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AQA Business Studies Unit 2 (BUSS2) Revision thread.

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    (Original post by dime_piece)
    Hey, could someone bullet point their answer to the questions bellow:

    Evaluating the extent to which a business has control over its marketing mix
    Factors that will determine the success or otherwise of a new product

    They are the only marketing questions which i cannot answer!
    well a business has to take certain consideration espacially external factors which put a constraint on how much control they have over their marketing mix some of these factors include:
    Legal factors-such as bans on certain forms of advertising or certain products etc

    Economic factors- Eg peoples disposable income varies all the time depending when the economy is in a boom or a recession this can have massive impacts upon their marketing mix

    Political-taxes will be set on certain goods meaning there will be a limitation on the extent they can alter their price.

    You can then apply each point to the case study and say how they may have to change their marketing mix and what limits what they can do etc etc and the impacts that will have short term and long term which are evaluative statements.

    For your second question, Success of a product could come down to the level of R&D market research to see if customers want the product, promotion strategies to extend the product life cycle. How much competition is out there if its imitative innovative or just the new version of an old product( cant remember what thats called). Quality control could be a factor poor quality can lead to poor products and therefore poor customer satisfaction and hencethe success of the product. ermmm dont know what else i can put for this one

    I know its not great dont even know if its right or not but hope it helps anyway
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    (Original post by Ramin Gorji)
    I know its not great dont even know if its right or not but hope it helps anyway
    That's what I would say, so I think it is right
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    Does anyone have any past papers for buss2? I know there are a few on the AQA website, but does anyone have January's?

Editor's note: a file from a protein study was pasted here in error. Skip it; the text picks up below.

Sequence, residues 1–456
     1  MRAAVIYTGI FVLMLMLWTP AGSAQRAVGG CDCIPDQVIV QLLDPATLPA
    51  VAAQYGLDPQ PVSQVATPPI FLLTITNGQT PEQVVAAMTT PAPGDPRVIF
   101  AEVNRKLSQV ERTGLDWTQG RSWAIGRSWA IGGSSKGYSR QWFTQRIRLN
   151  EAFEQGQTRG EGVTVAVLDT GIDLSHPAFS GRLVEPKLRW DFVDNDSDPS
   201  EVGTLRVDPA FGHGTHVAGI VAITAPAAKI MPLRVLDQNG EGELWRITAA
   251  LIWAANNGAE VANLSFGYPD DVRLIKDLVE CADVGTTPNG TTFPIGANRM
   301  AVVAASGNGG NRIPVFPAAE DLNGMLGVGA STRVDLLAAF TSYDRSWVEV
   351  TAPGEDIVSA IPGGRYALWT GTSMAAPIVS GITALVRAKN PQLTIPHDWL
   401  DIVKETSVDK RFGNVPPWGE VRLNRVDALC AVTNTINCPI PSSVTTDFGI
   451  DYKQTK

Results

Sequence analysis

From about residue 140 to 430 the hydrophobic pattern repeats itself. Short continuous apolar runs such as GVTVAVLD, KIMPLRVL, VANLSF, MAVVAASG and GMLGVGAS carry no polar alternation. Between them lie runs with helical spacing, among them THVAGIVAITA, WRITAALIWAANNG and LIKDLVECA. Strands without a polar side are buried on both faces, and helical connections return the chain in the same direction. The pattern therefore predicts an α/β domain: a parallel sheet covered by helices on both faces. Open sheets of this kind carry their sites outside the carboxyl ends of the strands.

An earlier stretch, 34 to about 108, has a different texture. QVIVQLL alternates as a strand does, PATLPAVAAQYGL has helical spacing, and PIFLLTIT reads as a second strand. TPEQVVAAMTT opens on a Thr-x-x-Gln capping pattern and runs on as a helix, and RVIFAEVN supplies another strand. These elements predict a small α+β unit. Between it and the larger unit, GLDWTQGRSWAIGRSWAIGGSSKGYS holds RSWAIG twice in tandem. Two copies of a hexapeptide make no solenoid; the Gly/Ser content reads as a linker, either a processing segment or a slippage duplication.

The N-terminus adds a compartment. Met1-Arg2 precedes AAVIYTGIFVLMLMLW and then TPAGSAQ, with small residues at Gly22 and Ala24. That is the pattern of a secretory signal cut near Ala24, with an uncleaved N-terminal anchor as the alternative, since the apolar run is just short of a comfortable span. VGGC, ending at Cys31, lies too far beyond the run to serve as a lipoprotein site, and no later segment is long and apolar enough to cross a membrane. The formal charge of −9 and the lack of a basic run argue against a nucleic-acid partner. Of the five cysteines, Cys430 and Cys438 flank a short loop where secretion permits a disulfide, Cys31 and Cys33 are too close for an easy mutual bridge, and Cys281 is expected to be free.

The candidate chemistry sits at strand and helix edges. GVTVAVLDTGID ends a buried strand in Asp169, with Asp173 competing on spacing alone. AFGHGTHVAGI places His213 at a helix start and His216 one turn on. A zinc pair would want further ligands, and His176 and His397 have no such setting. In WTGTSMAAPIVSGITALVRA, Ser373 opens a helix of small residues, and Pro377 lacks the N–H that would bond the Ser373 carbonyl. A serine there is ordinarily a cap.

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    Here is the specification because someone was asking for it (taken from tutor2u)

    Finance

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    This section introduces candidates to the importance of the management of finance. Candidates should understand that financial measures can be used to indicate how well a business is managed and should understand actions that can be taken to improve financial performance. Candidates will be expected to carry out calculations and to be able to interpret their results. This section builds upon ‘Financial Planning’ in Unit One.

    Using Budgets:
    - the benefits and drawbacks of using budgets
    - the calculation and interpretation of favourable and adverse variances
    - using variance analysis to inform decision making.

    Candidates should be familiar with income, expenditure and profit budgets. They will not be required to analyse budgets by price and volume, nor to use flexible budgets.

    Improving Cash Flow:
    - causes of cash flow problems
    - methods of improving cash flow

    Candidates should be familiar with a range of techniques to improve cash flow including: overdrafts and short-term loans, factoring and sale or sale and leaseback of assets.

    Measuring and Increasing Profit:

    - the calculation and understanding of net profit margins
    - the calculation and understanding of return on capital
    - methods of improving profits/profitability
    - the distinction between cash and profit.

    Candidates do not need any understanding of the balance sheet or income statements. Candidates do not need any knowledge of capital employed. Return on capital relates to the percentage return on a capital investment. Methods of improving profits should include cost reduction and price rises but also an understanding of the possible implications of these decisions.


    People in Business

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    This section considers the issues that managers face in relation to managing the human element to make a business more effective. Candidates should appreciate the value of these techniques in tactical decision- making.

    Improving Organisational Structures:
    - key elements of organisational structure
    - workforce roles
    - how organisational structure affects business performance.

    Key elements should include: levels of hierarchy/spans of control workloads/job allocation delegation communication flows.

    The workforce roles include: supervisor, team leader, manager and director.